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Cash rate on hold as RBA keeps powder dry

In a move widely predicted by most industry experts, the Reserve Bank of Australia has opted to maintain the official cash rate at a record low for August.

Mixed economic conditions were the main driver of the decision following the board’s monthly meeting, with a softening housing market, low inflation and tighter lending standards identified among the key factors leading to the continued status quo.

“Conditions in the Sydney and Melbourne housing markets have continued to ease and nationwide measures of rent inflation remain low,” explained RBA Governor Philip Lowe in his statement.

“Housing credit growth has declined to an annual rate of 5½ per cent. This is largely due to reduced demand by investors as the dynamics of the housing market have changed. Lending standards are also tighter than they were a few years ago, partly reflecting APRA’s earlier supervisory measures to help contain the build-up of risk in household balance sheets. There is competition for borrowers of high credit quality.”

The RBA’s decision comes after recent data from CoreLogic revealed national house prices to have fallen at their fastest pace since 2012 to finish 1.9 per cent below their September 2017 peak.

“While the cash rate has remained stable, mortgage rates have been tweaked, the extent to which depends on the borrower type and loan product,” said CoreLogic’s head of research, Tim Lawless. “Clearly, the stability in the cash rate hides a deepening complexity in mortgage products brought about by the heightened level of regulation and focus from both lenders and policymakers on improving credit quality.”

AMP Capital chief economist Shane Oliver says the decision to extend the longest-ever period without a change to the official cash rate has occurred despite a measure of positivity by the RBA.

“Growth has picked up a bit and the RBA is optimistic,” he explains. “But inflation and wages remain too low, property prices are falling in Sydney and Melbourne, the housing construction cycle has peaked and uncertainty remains around the outlook for consumer spending. So, it’s way too early to hike, but it’s hard to mount a case for a cut either right now. So, best to remain on hold.”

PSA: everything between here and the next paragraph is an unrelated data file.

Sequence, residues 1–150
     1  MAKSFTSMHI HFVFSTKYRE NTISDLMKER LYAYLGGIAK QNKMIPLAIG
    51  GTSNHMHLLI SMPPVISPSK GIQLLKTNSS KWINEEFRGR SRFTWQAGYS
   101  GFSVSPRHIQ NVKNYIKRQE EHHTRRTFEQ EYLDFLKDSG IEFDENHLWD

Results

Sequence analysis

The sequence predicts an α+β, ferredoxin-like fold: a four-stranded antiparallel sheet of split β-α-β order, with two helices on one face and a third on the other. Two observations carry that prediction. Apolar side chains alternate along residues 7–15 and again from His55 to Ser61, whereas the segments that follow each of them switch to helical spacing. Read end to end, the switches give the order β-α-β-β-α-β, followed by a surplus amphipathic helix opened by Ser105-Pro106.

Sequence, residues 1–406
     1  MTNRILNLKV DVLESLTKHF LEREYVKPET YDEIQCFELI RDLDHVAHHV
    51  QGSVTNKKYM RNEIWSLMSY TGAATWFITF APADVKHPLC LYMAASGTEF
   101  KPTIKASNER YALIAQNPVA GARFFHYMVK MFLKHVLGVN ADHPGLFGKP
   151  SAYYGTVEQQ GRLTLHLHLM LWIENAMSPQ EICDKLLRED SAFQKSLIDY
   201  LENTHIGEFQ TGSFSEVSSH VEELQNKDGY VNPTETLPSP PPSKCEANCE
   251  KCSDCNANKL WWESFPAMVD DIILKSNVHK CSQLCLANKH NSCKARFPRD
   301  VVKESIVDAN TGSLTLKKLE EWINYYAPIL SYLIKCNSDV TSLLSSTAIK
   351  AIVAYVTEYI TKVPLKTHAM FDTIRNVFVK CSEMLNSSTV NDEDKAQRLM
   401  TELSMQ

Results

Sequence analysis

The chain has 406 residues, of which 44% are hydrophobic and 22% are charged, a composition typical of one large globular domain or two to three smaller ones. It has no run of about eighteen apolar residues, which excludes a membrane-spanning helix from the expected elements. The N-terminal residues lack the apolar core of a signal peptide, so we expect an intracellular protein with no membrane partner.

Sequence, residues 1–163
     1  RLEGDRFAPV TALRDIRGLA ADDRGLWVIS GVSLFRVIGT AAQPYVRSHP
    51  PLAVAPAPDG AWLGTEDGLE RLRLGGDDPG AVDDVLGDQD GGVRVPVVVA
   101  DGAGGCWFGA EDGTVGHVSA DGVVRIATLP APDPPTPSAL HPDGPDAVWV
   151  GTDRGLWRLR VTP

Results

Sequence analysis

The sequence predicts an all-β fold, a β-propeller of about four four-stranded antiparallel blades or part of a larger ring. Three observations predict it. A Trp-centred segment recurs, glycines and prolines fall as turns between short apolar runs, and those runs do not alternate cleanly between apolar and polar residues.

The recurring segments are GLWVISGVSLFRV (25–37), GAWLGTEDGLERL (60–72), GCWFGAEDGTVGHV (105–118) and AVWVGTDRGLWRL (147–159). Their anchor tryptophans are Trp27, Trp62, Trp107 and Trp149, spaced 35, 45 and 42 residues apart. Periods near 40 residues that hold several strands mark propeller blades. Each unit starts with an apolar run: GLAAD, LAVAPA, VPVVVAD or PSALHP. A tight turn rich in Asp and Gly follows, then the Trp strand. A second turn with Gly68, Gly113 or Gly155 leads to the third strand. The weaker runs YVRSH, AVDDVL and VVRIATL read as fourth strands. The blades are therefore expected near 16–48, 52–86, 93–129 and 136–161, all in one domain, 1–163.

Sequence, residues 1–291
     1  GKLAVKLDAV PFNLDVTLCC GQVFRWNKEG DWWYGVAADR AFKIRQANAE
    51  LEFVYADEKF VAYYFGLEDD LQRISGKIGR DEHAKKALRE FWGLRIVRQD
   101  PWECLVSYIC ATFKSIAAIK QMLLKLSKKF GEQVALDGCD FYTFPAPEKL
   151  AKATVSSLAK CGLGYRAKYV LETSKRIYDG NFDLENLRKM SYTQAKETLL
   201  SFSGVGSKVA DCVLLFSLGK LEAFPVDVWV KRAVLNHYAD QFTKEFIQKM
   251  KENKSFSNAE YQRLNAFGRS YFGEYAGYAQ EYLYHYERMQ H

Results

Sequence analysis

The improvement in the economy should see some lift in wages growth over time.

International and local factors

In explaining its decision, the RBA also pointed to slightly slowing growth in China and low global inflation, despite the fact it has increased in some economies. When it came to uncertainty around global outlook, the direction of international trade policy in the U.S. was seen as a contributing factor. The RBA also noted a broad-based appreciation of the US dollar over recent months. Closer to home, Australian money-market interest rates are higher than they were at the start of the year, although they have declined since the end of June.

“These higher money-market rates have not fed through into higher interest rates on retail deposits,” continued Lowe.

Significantly, the RBA said the outlook for the labour market remains positive, with high vacancy rates and other forward-looking indicators continuing to point to solid employment growth.

“Employment growth continues to be faster than growth in the working-age population,” said Lowe. “A further gradual decline in the unemployment rate is expected over the next couple of years to around five per cent. Wages growth remains low. This is likely to continue for a while yet, although the improvement in the economy should see some lift in wages growth over time. Consistent with this, the rate of wages growth appears to have troughed and there are increased reports of skills shortages in some areas.”

Moreover, Lowe added that business conditions are positive and non-mining business investment is continuing to increase. Support for the economy is also present in the form of higher levels of public infrastructure investment.

In terms of future rates outlook, Paul Dales from Capital Economics is among a range of experts tipping a prolonged period of cash rate stagnation, with credit policy and lender pricing changes being the main instigators.

“The RBA is increasingly worried that financial conditions will be tightened by banks raising their mortgage rates and using stricter credit criteria, so it will keep [the cash rate] at 1.5 per cent so as not to make things worse,” he said.


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Owen Thomson

A regular contributor to The Sydney Morning Herald and The Age for over a decade (sections include Good Weekend, Sunday Life, (Sydney) Magazine, Drive and My Career), Owen Thomson's journalistic work has also featured in newsstand publications including The Bulletin, GQ and Men’s Style.

The opinions expressed in this article are the opinions of the author(s) and not necessarily those of Homeloans Ltd.